Alan Pollack, 77, Defended Israel On Campus


Alan Pollack, a pro-Zionist university professor who for several decades prominently promoted the cause of Israel at college campuses and Jewish organizations around the country, died of a heart attack on April 18 in his midtown apartment. He was 77.

A native of the South Bronx, he was a leading figure in the Zionist movement in the United States from the 1960s until the 1980s, energized by the threat to Israel in the buildup to the 1967 Six-Day War and by Israel’s subsequent victory.

“He was a deeply committed Zionist … an incredibly charismatic and eloquent speaker,” said John Ruskay, former executive vice president of UJA-Federation of New York. “He was a very proud Jew and a very identified Jew,” said Rabbi Irving “Yitz” Greenberg, former president of the Jewish Life Network/Steinhardt Foundation. “His Judaism was about morality. He was a verbrennter [zealous] Zionist.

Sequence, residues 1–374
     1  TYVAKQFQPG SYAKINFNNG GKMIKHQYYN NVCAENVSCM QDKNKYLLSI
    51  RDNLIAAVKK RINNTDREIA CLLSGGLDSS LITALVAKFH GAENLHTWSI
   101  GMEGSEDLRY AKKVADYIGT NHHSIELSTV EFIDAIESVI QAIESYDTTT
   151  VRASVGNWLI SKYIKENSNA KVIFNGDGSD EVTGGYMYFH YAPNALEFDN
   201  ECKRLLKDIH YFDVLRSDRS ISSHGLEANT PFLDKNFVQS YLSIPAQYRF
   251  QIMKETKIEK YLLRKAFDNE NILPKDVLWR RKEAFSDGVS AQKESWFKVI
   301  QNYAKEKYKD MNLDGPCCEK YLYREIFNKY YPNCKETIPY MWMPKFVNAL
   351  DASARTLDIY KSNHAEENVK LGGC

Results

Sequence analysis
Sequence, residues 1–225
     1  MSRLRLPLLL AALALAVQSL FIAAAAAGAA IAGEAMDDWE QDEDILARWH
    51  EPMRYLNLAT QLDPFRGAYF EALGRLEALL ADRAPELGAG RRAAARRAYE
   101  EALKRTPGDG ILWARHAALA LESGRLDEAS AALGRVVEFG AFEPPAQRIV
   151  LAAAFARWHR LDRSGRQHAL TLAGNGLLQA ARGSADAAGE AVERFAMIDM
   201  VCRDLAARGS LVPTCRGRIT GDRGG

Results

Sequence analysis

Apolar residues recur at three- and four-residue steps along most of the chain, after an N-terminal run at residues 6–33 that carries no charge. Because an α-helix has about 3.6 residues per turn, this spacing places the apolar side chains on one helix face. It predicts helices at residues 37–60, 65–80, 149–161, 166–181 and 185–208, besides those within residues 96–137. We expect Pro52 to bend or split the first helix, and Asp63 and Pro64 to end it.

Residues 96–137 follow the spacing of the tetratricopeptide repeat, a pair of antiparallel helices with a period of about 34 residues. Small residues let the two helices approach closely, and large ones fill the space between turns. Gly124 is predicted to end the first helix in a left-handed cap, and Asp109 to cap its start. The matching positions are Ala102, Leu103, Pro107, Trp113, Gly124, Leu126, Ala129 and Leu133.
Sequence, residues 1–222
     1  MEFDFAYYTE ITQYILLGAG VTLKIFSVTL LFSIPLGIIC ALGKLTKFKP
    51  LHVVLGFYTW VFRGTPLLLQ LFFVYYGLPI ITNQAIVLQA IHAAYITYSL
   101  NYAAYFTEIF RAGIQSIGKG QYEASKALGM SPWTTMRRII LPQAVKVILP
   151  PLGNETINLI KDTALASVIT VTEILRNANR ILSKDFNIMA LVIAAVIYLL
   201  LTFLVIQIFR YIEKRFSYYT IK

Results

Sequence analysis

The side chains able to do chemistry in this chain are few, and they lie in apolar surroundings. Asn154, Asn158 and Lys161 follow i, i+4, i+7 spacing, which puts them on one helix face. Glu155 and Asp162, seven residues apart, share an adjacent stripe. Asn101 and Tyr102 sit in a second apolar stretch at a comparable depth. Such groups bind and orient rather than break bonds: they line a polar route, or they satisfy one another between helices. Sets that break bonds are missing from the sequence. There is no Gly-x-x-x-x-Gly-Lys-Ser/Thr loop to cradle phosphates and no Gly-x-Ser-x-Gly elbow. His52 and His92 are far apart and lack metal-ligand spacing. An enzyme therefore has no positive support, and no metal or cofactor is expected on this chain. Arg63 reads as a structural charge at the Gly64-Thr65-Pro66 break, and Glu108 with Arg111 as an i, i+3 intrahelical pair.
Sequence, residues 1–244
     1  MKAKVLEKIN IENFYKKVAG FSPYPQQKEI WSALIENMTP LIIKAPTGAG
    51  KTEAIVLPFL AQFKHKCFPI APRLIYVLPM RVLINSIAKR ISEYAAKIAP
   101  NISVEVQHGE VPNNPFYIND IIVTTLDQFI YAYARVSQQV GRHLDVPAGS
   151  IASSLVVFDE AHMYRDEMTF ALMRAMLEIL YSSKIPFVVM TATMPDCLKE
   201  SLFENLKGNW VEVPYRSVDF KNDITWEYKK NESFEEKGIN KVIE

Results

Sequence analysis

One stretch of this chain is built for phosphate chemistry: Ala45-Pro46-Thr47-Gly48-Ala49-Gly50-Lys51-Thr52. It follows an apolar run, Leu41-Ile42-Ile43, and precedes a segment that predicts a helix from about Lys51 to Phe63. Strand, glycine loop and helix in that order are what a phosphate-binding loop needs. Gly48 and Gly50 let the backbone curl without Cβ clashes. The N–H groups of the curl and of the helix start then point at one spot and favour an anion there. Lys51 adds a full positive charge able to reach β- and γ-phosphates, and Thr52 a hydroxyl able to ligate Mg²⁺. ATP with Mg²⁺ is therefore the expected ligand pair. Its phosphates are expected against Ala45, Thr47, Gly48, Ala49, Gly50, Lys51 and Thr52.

“His legacy is a vision [of liberalism] that didn’t give a free pass” to the Palestinian cause and political enemies of Israel, Rabbi Greenberg said. “The Palestinians were not able to twist human rights” into a means for opposing Israel.

Mr. Pollack, who lived in Israel for several years in the 1970s and 198os, was also an active supporter of the Habonim and Labor Zionist movements, Jewish National Fund, Israel Bonds and the Soviet Jewry movement.

An art collector, he attended Princeton and Columbia universities, and taught Russian history at Columbia, retiring about a decade ago.

As a founder of American Professors for Peace in the Middle East, a now-defunct organization that marshaled support for Israel in the academic community beginning in 1967, he capitalized on the era’s liberal student culture, mobilizing support around the country, writing and coordinating pro-Israel seminars. “He tapped into this tremendous interest, … making the professors group one of the most influential [grassroots Jewish] organizations” of its time, Rabbi Greenberg said.

As an existential danger to Israel mounted in early 1967, “he decided that Israel needed to be actively supported” in the academic community,” Rabbi Greenberg said. “We all feared that another Holocaust was coming.”

Mr. Pollack is survived by two nephews, Vance and Adam Klein, and a niece, Janine Klein.